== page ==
Thanks to a post from Liz Cox Barrett of the Columbia Journalism Review, I was made aware of a startling story in today’s New York Times. The story, titled “Inmate Count in U.S. dwarfs other nations“, reveals the startling news that although the U.S. is home to only 5 percent of the world’s population, it is also home to nearly a quarter of the world’s prisoners.
Talk about nation of freedom.
Times reporter Adam Liptak reports how American courts sentence offenders to prison time for crimes that many countries would not, and how our prisoners are kept in jail longer. As Liptak reports, experts from other countries have expressed shock at the stark figures.
As our cover story by Butch Warner from last week illustrates, though, incarceration is a reality for many Americans — a reality that takes years to adjust and recover from. Recovery and restitution is, of course, not always possible, and so many who enter the prison system — for whatever reason — do not emerge unchanged.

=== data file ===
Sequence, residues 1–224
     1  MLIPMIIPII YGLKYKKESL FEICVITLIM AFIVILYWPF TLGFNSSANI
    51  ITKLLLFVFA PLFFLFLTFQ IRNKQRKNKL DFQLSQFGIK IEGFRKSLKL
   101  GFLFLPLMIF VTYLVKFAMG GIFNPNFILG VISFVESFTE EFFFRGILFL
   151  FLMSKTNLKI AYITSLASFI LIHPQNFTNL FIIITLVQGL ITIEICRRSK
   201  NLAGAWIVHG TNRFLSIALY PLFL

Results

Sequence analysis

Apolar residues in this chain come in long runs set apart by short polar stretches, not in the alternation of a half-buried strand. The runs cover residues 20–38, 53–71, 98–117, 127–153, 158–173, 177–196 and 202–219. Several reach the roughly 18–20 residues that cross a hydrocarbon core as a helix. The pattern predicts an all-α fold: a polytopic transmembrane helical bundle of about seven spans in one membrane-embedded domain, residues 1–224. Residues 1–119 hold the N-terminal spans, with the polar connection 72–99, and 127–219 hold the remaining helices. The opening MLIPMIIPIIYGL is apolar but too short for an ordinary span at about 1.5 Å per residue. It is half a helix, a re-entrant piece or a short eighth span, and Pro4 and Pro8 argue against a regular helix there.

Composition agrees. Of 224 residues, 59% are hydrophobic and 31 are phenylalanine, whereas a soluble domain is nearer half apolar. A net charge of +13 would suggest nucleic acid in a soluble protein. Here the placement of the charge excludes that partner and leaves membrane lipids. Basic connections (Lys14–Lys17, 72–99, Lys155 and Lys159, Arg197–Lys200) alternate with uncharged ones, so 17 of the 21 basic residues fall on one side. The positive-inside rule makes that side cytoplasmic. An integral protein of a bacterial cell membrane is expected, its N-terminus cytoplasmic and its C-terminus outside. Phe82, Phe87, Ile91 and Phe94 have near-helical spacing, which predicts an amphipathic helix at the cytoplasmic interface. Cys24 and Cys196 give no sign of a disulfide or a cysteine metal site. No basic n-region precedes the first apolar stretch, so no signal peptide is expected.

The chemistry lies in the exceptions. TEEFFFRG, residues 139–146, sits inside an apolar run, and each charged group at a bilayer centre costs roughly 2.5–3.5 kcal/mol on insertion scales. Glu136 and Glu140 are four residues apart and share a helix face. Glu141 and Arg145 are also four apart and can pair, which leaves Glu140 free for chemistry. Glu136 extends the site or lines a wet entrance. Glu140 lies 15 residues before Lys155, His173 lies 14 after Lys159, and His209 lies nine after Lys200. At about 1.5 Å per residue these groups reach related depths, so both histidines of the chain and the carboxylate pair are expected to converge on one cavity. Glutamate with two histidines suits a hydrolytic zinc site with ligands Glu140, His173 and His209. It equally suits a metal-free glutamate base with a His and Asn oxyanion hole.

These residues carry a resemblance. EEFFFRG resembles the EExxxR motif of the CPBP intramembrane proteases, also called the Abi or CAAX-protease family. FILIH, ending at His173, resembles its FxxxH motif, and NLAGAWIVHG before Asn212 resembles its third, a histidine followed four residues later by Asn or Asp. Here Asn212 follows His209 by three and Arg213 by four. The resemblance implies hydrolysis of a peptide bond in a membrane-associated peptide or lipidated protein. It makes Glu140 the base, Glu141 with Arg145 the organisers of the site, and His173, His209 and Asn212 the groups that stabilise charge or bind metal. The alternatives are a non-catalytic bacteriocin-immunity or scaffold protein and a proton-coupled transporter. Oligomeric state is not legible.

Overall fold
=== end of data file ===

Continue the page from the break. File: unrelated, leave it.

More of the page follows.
Liptak’s article is a fascinating examination of these startling statistics. Naturally, the article explores the devastating impact the failed, yet ongoing, “War on drugs” has had on our society and the severe strain it has placed on our jails and prisons, a strain that, in my opinion, has weakened both the courts and the prison system’s ability to handle and process crimes that are truly a threat to society.
The article also points to another fact, however, one critics of the penal system may not readily address: crime has dropped as incarceration rates have risen.
Nevertheless, it is unclear from the sources citing those statistics in Liptak’s article, or from Liptak’s otherwise great reporting, where that drop in crime occurred. It would be interesting to delve further into those statistics and determine whether violent crime has dropped in conjunction with a rise in incarceration for those crimes, or if the drop in the overall crime rate had more to do with punishment for lesser crimes.
Either way, the report raises important questions about how our society operates.